The Court of Appeal says a pre-nup agreement between a divorcing couple should be upheld even though the wife claimed she had not been properly advised about its implications when it was drawn up.
The case involved a husband and wife who were both Swedish but spent most of their 21-year marriage living in England. They had three adult children. The husband came from a very affluent family. Before they married, he had inherited shares in family companies.
The day before their wedding, they signed a pre-nuptial agreement stating how their assets should be divided if they separated. Certain parts of the husband’s inherited and future wealth were to be excluded from any settlement.
During the divorce proceedings, the wife asserted that the matrimonial assets amounted to about £275m, and that she should receive 42.5% and the husband 57.5%.
The judge rejected her contention that she had not read or understood the effect of the pre-nup and that it should not apply.
He ordered that the settlement should broadly follow the provisions of the pre-nup, which meant that the wife should receive about half of the non-business assets (£51.4m) together with a 23.41% interest in the husband’s business.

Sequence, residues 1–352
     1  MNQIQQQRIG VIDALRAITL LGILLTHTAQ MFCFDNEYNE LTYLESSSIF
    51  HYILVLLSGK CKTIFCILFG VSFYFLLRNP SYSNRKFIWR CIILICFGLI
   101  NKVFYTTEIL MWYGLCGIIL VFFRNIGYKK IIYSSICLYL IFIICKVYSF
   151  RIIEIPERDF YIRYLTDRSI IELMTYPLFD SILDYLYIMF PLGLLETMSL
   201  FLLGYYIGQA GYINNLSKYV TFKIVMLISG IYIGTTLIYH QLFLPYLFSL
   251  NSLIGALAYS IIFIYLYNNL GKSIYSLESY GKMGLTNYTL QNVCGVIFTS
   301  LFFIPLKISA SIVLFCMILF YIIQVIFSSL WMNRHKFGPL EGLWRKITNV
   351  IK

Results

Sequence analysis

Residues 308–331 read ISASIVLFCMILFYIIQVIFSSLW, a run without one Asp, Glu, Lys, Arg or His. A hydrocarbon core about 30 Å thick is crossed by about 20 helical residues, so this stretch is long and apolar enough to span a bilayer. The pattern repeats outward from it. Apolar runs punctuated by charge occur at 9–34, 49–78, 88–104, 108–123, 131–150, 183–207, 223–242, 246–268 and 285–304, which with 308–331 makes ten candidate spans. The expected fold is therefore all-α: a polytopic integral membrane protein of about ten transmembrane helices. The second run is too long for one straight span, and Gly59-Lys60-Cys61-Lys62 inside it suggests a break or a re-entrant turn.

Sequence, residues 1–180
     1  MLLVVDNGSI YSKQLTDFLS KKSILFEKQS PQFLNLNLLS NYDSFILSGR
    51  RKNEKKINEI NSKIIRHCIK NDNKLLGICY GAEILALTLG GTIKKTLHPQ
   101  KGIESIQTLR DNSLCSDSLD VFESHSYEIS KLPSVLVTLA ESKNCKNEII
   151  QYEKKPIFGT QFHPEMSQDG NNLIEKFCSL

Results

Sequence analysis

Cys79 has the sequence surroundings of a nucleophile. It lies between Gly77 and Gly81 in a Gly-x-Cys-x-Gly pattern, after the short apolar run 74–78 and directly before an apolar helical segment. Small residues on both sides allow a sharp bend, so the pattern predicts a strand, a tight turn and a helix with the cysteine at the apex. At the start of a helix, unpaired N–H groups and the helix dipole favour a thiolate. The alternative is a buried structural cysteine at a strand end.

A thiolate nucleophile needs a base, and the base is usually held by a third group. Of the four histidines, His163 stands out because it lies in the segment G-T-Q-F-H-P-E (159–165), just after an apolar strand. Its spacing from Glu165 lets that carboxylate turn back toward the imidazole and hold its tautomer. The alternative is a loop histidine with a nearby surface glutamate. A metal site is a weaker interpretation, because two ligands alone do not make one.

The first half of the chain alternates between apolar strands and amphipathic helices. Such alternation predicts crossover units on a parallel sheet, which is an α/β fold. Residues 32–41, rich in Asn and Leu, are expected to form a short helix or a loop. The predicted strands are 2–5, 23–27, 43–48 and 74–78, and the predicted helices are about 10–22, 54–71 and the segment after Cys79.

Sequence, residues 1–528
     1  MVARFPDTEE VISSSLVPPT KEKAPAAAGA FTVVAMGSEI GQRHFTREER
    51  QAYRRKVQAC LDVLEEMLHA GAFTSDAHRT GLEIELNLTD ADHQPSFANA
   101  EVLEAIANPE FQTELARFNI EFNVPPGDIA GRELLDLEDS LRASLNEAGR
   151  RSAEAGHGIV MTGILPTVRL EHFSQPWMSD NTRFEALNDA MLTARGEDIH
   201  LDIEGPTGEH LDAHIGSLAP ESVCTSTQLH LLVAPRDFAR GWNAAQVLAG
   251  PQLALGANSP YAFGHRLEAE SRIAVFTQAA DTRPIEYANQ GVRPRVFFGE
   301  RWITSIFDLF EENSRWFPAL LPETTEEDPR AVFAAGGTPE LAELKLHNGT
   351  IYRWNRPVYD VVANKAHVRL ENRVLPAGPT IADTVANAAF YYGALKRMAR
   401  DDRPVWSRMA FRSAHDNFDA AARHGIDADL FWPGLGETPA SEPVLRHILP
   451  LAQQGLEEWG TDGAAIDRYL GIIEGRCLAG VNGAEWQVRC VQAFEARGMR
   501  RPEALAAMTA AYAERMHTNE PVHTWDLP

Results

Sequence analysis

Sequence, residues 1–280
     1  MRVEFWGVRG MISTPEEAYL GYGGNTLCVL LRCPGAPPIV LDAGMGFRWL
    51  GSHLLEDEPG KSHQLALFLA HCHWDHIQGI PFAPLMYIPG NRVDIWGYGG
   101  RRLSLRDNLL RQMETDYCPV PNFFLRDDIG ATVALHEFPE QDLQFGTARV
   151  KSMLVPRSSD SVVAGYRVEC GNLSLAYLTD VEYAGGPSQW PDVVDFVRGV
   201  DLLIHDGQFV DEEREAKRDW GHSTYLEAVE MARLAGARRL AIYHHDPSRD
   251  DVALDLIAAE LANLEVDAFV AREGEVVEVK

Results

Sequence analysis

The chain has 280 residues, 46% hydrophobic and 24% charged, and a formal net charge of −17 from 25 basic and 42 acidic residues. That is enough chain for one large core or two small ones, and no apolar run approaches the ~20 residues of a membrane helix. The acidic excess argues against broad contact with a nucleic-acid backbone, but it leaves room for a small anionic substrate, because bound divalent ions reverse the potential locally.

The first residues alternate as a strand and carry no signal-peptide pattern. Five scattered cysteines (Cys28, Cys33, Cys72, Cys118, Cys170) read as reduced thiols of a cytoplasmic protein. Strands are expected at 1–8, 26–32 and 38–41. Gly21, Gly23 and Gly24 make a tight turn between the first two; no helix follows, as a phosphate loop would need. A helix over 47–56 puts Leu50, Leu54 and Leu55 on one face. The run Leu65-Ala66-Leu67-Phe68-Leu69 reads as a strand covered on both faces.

The wife appealed saying the judge had not taken into account that she had not received legal advice before signing the pre-nup.
The Court of Appeal upheld the judge’s decision. It held that his finding was clear that the wife had understood at the time she signed the pre-nup that certain parts of her husband’s wealth would be excluded by it. Where a party had a full appreciation of the implications of a pre-nup, the court should give effect to such an agreement unless it would be unfair to do so.
The case shows the increasing readiness of courts to accept pre-nup agreements if they are properly drawn up, fair to both sides and each party understands all the implications.
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